Creating a Temporary “Sauna Bench” Style Equipment Rack

This post is all about a temporary equipment rack even though the next major task in my Phoenix theater build log is, believe it or not, installing tile in the entryway in front of the theater. That’s been bare concrete since that wall originally went up. In fact, my previous post on creating the door threshold was a preliminary one just so I could do the tiling.

Well, this is also a preliminary step in preparation for the tiling!

In this case, the issue is that my AV equipment (HTPC and AVR) are sitting directly on the floor in my equipment closet and thus also sitting right where the tile is going to go. This means that I need to elevate the equipment somehow — a simple shelf acting as an ersatz equipment rack.

01-on-floor

The Video

As is typical now, I always create a video and usually (but not always) create a post to go along with it. Here’s the video:

A Quick Hack

My goal for this was to create a temporary solution that takes me less than an hour total to build and uses exclusively scrap lumber that I have lying around.

I started by looking at what I had. OCD people with expectations of perfect cable management: avert your eyes!

02-rats-nest

Heh. Yeah, that’s pretty nasty. I promise that it’ll all be much better when I finish the equipment closet for real. I just don’t want to commit to any particular cable length until everything is finalized.

I sort of kind of a little bit started organizing by figuring out what bundles of cables go where and making sure I wrapped them around the corner just to keep them in place.

03-moved

What follows, then, is covered in the video but I don’t have any pictures. So use your imagine or just watch the video.

I started by getting out my laser level and striking a relatively random line, just to have a place with enough space under it for me to work with the tile. I then got a couple of spare 2x4s to use as shelf supports and screwed them into both sides. The right side was very straightforward since the studs are still exposed and so I just screwed directly into that. The left side should have been straightforward, but wasn’t.

The problem was that I was using 2″ long screws. That was fine on the stud size since that give 1-1/2″ for the 2×4 and 1/2″ embedded into the stud, which is enough for these purposes. But the theater wall is different. It’s made of two layers of sheet goods. The first layer is particle board and the second layer is drywall. What I didn’t think through was that a 2″ screw would have its 1/2″ of protruding screw embedded entirely into drywall, which has zero holding power in this fashion.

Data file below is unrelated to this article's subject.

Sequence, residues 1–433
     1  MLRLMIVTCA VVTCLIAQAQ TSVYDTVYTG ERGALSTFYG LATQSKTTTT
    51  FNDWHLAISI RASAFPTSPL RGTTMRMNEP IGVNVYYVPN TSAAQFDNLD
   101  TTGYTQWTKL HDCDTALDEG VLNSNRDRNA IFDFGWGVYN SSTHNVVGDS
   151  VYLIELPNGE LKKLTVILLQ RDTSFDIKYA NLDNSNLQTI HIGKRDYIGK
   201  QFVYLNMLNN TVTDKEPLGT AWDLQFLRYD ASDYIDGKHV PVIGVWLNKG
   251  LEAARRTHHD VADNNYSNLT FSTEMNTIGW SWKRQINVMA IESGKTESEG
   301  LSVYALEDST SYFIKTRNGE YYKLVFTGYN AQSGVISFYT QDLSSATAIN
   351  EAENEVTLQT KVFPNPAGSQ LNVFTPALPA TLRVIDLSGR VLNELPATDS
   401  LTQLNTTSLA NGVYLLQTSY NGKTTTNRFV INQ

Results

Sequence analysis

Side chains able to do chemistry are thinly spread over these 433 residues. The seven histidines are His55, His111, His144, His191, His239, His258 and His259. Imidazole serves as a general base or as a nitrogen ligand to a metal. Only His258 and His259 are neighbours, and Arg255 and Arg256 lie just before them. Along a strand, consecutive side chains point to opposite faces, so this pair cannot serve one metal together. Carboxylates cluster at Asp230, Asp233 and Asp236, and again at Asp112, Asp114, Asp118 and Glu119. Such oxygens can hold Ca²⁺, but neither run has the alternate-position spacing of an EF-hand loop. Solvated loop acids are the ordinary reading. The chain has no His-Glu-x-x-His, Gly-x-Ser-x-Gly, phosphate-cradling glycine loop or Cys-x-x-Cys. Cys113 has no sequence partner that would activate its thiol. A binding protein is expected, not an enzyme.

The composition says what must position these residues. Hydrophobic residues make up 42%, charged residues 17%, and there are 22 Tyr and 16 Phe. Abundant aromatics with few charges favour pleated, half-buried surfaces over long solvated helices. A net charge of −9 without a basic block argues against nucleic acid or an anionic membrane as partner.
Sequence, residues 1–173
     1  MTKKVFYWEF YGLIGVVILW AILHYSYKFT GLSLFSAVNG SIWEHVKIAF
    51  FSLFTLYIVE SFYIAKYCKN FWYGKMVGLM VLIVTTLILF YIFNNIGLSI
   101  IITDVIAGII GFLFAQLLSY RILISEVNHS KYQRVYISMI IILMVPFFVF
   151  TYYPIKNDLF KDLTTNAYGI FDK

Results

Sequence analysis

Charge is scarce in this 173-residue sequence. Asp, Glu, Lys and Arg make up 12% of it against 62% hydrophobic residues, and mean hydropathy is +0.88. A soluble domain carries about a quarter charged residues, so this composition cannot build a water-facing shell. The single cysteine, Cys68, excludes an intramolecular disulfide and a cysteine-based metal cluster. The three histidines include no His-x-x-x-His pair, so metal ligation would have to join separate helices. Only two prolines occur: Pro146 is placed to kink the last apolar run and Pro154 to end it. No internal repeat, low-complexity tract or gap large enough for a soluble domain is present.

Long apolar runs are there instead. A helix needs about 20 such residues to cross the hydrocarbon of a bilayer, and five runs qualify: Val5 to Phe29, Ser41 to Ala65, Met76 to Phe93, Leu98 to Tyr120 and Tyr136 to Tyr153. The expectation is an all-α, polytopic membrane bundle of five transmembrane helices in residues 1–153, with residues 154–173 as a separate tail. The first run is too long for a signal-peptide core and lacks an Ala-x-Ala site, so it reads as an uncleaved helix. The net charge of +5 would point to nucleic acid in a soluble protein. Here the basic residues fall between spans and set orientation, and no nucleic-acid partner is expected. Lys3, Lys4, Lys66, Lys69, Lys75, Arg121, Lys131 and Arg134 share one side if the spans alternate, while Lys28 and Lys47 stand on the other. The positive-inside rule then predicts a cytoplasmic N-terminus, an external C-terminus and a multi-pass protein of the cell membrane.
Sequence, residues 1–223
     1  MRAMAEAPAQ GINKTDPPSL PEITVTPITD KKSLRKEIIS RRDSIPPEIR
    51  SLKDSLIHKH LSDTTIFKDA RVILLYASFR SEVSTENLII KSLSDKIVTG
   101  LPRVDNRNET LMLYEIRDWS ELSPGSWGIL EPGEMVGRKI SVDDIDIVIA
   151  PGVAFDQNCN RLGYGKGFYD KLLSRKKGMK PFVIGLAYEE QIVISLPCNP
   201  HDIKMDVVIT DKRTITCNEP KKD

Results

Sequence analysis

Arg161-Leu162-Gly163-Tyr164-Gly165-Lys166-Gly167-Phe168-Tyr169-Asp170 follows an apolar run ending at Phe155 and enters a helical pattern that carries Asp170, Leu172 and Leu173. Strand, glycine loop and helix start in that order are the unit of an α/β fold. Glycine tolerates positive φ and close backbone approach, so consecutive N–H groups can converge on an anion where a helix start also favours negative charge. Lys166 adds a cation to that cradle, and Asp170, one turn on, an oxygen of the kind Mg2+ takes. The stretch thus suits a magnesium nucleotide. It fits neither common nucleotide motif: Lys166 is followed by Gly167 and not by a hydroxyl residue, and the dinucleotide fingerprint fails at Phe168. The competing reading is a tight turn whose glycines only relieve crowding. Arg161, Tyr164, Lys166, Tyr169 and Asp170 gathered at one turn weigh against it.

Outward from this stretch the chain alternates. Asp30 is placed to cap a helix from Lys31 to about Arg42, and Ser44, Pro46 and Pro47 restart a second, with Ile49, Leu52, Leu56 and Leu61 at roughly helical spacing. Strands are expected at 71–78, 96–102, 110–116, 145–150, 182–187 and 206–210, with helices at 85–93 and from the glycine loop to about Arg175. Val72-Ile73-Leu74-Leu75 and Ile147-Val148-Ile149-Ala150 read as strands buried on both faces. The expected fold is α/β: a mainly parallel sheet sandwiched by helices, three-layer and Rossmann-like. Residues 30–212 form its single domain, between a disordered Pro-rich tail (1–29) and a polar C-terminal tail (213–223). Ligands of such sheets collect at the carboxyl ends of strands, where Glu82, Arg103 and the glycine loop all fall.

So when I started screwing the slats into the supports, even the mild pressure from that action was enough to rip the screw out of the wall. D’oh!

I rummaged around in my boxes of screws and found a few 3″ (or maybe larger) ones that easily had enough length to bite into the particle board. I mean, particle board doesn’t have fantastic grip strength either, but it’s still worlds better than drywall!

The shelf slates were made out of ripped 2x4s that I had created as part of my earlier sandbox build and were left over. They were in my scrap wood pile destined for firewood so those perfectly fit my requirement of “scrap lumber”.

I predrilled all of the holes in the slats since they are prone to splitting otherwise. I also decided to space the slats out for better airflow and to give more space in the back for the cables.

The end result looks like so:

04-finished

That look immediately reminded both me and my wife of something — a sauna bench! We’re both very familiar with saunas since I grew up in the Upper Peninsula of Michigan (Yooper country) which was heavily settled by Finnish people. Both of are have mostly Finnish ancestry. I love the inadvertent resemblance!

And here’s what it looks like with the equipment loaded back up.

05-stacked

It definitely looks just like a temporary solution and that’s exactly what it is. I’ll eventually build a proper equipment closet with a proper equipment rack, someday. But for now, this is keeping the AV equipment off the floor and gives me room to tile, so I consider that mission accomplished!

Leave a Reply

Your email address will not be published. Required fields are marked *